Audio Transfer Grade: B+

 

Disc Extras

Animated menu with music
Scene Access with 78 cues and remote access
Subtitles/Captions in English, French, Spanish with remote access
2 Featurette(s)
Packaging: Digipak
Picture Disc
4 Discs
1-Sided disc(s)
Layers: dual

Extra Extras:
  1. Reconstructed episodes
  2. Additional bumpers and bridges
  3. Music video
Extras Review: Purists will be interested in the reconstructions of the first six episodes. The opening and closing credits (which are an extended ad for Kellogg's cereals) appear to exist only as kinescopes, as do many of the intros, bumpers and bridges. Unfortunately, Huck's memorably catchy theme song appears only in the credits. The first episode is hidden at the end, on the second side of disc four, and it also includes the animated ads for various Kellogg's cereals featuring Huck, making it quite complete. Episodes 2-6 omit these ads, and they can be found on disc 1. The first side of disc 4 also includes additional bridging materials, some of which are kinescopes and some are in full color, depending on what sources survive.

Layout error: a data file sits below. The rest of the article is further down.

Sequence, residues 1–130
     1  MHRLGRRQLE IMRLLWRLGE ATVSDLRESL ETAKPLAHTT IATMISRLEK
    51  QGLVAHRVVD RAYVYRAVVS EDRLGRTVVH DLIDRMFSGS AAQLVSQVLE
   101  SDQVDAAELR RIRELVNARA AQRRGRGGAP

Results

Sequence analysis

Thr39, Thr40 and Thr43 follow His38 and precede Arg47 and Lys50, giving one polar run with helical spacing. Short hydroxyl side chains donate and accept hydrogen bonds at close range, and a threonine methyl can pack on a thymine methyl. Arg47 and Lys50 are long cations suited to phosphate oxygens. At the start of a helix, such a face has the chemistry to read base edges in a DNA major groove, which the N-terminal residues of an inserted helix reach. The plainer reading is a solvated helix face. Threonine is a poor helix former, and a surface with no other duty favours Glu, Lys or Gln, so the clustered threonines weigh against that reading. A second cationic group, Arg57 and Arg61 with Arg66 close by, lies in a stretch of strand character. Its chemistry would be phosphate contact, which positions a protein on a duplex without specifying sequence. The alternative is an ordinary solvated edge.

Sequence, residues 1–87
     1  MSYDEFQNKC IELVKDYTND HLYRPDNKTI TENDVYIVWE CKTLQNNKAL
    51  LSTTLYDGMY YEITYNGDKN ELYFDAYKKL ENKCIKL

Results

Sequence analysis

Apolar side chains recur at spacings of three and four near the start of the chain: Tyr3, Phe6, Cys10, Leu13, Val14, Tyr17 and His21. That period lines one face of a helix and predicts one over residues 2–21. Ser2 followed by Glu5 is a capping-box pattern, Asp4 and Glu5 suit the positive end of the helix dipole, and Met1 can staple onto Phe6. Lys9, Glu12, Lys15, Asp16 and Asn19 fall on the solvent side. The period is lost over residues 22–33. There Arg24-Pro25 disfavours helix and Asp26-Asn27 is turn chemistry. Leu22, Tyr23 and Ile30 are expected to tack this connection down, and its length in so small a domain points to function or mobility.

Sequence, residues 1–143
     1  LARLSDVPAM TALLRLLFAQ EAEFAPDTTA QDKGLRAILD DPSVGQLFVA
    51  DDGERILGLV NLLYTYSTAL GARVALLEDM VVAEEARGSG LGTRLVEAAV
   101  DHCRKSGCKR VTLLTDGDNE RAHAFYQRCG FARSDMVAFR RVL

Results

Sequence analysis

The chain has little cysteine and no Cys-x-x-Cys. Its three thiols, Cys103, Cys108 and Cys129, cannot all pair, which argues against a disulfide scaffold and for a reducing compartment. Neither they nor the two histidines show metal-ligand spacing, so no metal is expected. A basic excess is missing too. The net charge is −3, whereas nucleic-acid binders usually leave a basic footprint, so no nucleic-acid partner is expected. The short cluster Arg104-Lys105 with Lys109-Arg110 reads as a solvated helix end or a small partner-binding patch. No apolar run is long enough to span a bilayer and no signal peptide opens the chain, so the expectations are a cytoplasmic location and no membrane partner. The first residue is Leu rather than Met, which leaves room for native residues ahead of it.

There are two featurettes included. One running 5m:30s is a silly piece on the linguistic importance of Huckspeak, with a phony professor holding forth on such terms as "if'n", "thar", "dadburned" and "nohow". More substantial is a 12m:41s piece devoted to Daws Butler, with numerous voice artists and others in the cartoon industry paying tribute to Butler's talents. At one point it veers off into a discussion of voice acting generally, but it should provide a good general appreciation to those not familiar with Butler. Finally, there's a 2m:20s assemblage of Huck's quotes set to a hiphop beat.

Extras Grade: C+

 

Final Comments

Nostalgia fans will definitely appreciate this collection of about the first half of Huck's show, and they're still plenty entertaining for kids of today.